But da buggah wen tell ‘em more bettah in Pidgin, yeah? More easy for unnastand without all da haolified words and phrases.
Living Pidgin: Contemplations on Pidgin Culture by Lee A. Tonouchi and published by Tinfish Press is a scholarly dive into what makes a language, who are its guardians and keepers, and how language is identity. Don’t let the size of this book fool you—the thoughts and ideas run wide and deep in this collection of talks and concrete poems.
Like Lee, I learned early on that Pidgin speakers were more defined by perceptions of what they couldn’t do than the realities of what was possible. I’m passionate about islanders telling their own stories in their own words. And as any Hawaiian islander will tell you, when it comes from the heart, it’s in Pidgin.
Living Pidgin: Contemplations on Pidgin Culture by Lee A. Tonouchi is available in paperback from Amazon.
When I was a kid, my mom used to work for Longs Drug, a store with a pharmacy and a little bit of everything from snacks and groceries to cosmetics and fishing lures. Mom was an accountant, usually in her office upstairs and behind the one-way mirrors that ringed the back of the store and looked out at the shoppers below. My sister and I waved at ourselves in the mirrors like idiots every time we walked in.
Occasionally, when they were having a big sale or short-handed, Mom used to cashier. Back in the ’70s, people worried less about titles and job descriptions and more about keeping a job. On big sales weeks when she knew she was going to cashier on Saturday, she’d make us quiz her on the items and prices as we cleaned house, folded laundry, did the dishes. She had to know the ads cold because back then there were no scanners or bar codes.
And planny people get huhu if the haole lady cashier no can remembah if Spam was 32 cents or 43.
I loved it when Mom brought home foreign coins mistakenly spent by tourists and accepted by cashiers. (Really? This one has a hole in it, five sides, and is bigger than a quarter. How did someone not see this?) I kept them in an old mason jar on a shelf in my room. But my fondest memories of the years she worked at Longs are about Easter. Every Easter Sunday, the whole store had a potluck picnic at the beach. The store managers–half-baked from too many Primos and not enough pupus–had all the kids run relay races, and the winners got baskets with chocolate Easter bunnies bigger than their heads. I never won the big baskets, but I can still taste melty, waxy chocolate and the hard yellow sugar eye from the Palmer’s runner-ups.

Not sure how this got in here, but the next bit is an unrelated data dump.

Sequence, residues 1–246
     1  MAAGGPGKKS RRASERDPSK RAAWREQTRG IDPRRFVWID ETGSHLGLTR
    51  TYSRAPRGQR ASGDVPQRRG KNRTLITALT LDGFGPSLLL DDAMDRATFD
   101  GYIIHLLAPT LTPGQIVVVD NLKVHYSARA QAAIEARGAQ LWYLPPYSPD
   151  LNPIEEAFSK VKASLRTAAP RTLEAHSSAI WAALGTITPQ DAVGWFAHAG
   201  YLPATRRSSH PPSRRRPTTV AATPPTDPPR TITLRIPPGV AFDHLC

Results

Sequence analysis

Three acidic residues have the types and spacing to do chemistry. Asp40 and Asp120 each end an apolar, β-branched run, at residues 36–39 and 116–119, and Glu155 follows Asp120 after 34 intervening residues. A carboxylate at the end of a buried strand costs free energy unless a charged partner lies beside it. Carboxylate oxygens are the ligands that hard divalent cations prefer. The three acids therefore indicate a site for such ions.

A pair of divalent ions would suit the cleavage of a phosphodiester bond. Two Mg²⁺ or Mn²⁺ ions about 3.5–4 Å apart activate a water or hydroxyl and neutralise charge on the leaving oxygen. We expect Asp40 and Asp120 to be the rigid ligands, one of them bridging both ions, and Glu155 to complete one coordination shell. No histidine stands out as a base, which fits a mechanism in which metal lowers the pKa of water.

So I feel like I know a little bit about the kinds of folks who shop and work at Longs.
But not as well as Lee Cataluna.
In the pages of Lee’s collection of flash fiction stories, you’ll find neighbors, friends, aunties, uncles, and even local, ahem, collection workers and former disco queens. They’re all there, shopping for unmentionables, looking for love, and just trying to get through one more day. Lee’s gift is the complete picture she draws with minimalist brush strokes. We fill in the details, the backstories, the motivations, and the ultimate consequences and conclusions to her stories because these people are us. Lee has a fine ear for Pidgin and she uses it to bring to life people that we immediately recognize as prep school kids, tutus, popos, thugs, cops, and everything in between.
And the stories are bus’ laugh hilarious, poignant, and true. I can’t recommend this book highly enough.